Tag Archives: family history

The Stories


And why they matter…

I have asserted countless times, in my everyday life and this blog, that I am a collector, of objects and of memories.  My home is filled with little items that might have no value to “normal” people, but they are priceless to me because of the memories attached to them…because of their stories.  My hope is that, piece by piece, I can photograph these objects and share their stories, if for no other reason than to make someone pause to think about their own similar little treasures.  Those little treasures can often open the floodgates to deeper levels of history.

For as long as I can remember, a small, round, ornately decorated trinket box sat on Granny’s dresser…then it became Mama’s dresser and trinket box after Granny died. After the move from the Ford Street house, Mama and Dad picked new bedroom furniture, and that little box found its home on a different dresser.  After Mama died, the little box came to live with me.

I don’t know if it was a gift to Granny from one of her children, or a friend, or maybe even from Granddad before he died.  I never thought to ask about its story prior to my own awareness of it.  It was just pretty and shiny, and it played music.  Now I wish I had learned more about it.

That is how I feel about so many things now…I wish I had asked a million questions while Mama, The Aunts, Granny and Mamaw, were still here to answer them.  Recently a first cousin on Dad’s side, whom I have never met, found me on social media and connected with me, hoping to learn more about our family history.  And once again, I find myself feeling sad that I never bothered to learn more from those who knew the stories best.

I can’t change the past and ask the dead all the things I want to know, but I can pick Dad’s brain while he is still here.  I can do research online.  I can share what I know and hope that, moving forward, it can benefit the younger family members who might someday want to know about their past.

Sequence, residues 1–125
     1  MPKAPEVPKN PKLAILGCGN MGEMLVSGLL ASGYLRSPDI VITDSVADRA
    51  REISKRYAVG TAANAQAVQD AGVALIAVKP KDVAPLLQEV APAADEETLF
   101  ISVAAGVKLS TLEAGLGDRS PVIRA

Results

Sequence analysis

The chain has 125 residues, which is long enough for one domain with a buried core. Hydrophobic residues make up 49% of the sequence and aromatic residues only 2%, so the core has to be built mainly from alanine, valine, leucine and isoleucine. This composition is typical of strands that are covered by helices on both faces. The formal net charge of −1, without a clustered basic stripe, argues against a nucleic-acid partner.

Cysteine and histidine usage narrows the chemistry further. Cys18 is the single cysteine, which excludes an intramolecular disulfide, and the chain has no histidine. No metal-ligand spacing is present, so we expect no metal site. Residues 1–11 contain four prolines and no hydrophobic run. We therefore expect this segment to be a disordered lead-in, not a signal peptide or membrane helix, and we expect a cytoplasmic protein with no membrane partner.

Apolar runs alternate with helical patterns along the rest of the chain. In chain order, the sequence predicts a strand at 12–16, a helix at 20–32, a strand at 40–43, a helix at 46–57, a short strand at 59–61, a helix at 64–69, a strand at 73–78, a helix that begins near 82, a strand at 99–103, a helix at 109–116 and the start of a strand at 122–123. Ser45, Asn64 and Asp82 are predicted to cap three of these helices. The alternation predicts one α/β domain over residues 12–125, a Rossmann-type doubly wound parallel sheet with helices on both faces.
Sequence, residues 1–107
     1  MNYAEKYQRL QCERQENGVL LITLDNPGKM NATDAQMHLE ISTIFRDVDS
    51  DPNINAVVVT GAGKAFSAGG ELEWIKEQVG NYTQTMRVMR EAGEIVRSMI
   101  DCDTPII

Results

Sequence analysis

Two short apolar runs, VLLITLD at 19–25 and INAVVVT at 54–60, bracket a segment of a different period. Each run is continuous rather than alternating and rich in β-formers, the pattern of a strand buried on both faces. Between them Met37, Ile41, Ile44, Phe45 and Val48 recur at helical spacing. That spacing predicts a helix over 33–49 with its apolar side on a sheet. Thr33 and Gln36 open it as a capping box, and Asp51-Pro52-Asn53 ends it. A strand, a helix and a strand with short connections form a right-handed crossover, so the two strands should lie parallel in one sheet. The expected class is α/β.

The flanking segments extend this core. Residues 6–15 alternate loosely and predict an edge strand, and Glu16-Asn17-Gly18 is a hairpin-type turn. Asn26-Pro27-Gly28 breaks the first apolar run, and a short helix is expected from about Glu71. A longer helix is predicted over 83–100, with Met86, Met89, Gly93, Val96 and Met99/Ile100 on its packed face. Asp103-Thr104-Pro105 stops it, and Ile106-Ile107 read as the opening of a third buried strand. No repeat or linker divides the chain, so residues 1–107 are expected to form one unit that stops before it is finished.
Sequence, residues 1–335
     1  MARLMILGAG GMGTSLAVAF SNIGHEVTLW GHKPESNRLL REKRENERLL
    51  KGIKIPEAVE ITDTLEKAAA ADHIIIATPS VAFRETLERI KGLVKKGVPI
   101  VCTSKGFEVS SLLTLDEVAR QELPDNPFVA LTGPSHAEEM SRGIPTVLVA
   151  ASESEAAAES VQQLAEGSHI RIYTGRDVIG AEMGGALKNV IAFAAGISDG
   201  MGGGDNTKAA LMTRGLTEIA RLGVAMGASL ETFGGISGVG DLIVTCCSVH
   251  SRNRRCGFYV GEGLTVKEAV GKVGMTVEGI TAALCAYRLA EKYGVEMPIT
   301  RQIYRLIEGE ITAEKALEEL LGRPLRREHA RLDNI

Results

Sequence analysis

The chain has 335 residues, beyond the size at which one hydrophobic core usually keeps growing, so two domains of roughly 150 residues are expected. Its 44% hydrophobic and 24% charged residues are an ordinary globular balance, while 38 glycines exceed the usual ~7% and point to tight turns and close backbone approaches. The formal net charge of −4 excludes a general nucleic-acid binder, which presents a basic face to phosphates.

The Massengill Side


Mamaw and Papaw and why I’m glad I knew them…

Mamaw and Papaw were Dad’s parents, and the only members of his family who stayed in Knoxville.  All Dad’s brothers and sisters lived out of state, following job opportunities, or husbands’ job opportunities, to places like California, Florida and Massachusetts.  Aunt Alberta was the closest of Dad’s siblings geographically, living near Atlanta.  She was also the furthest from him chronologically, being the oldest, with Dad the baby of the family.

Frank Britton Massengill married Mattie Gertrude Dunn in 1918 and they spent their lives in Knoxville, Tennessee, raising their 6 children.  They lived to see their 70th wedding anniversary a few months before Papaw was diagnosed with liver cancer and died at age 89.  As I remember them, and as anyone who knew them would attest, Mamaw was a tough little birdlike woman who could shoot the crack of a gnat’s ass (sorry for the language!) at 100 paces and work circles around women half her age well into her senior years.  When Reed and I were kids, Dad would generally go and visit with them on Sunday nights and have supper.  Sometimes Mama and Reed and I all went with him, sometimes just us kids, and sometimes only one of us would go.  Without fail, after supper was eaten and the grownups had retired to the living room for coffee and conversation, Mamaw would get down “the dishes” from the hook above the sink for me to play with, a small yellow funnel, a tea ball and some measuring spoons that provided me endless entertainment while the grownups sat and talked.  When Mamaw made biscuits, there was usually a little remnant of dough left over. Since that little dab of dough was too small to make another biscuit, but too big to waste, she would make it into a little snake and sprinkle cinnamon on it.  The cinnamon snake was the best treat in the world for a little kid like me.  She played piano and organ, so some of the musical genes come from her, as well as my prominent chin, dark hair (she was part Cherokee) and sharp tongue.  She once described herself as having a tongue like a circular saw, and I definitely inherited than tendency from her.  She could be blunt and opinionated, but I never thought she was mean.  There was a mischievous sparkle in her eyes and smile that I hope I inherited along with that chin of hers.  She and Papaw always had a garden, mostly vegetables to enjoy in season and to can and freeze for winter provisions.  They didn’t have a lot of indulgences, but Mamaw did enjoy growing flowers in the backyard.  She had a thumb so green she could have grown roses out of rocks.  A beautiful pink rosebush of hers now lives in Dad’s yard, transplanted from Mamaw and Papaw’s house.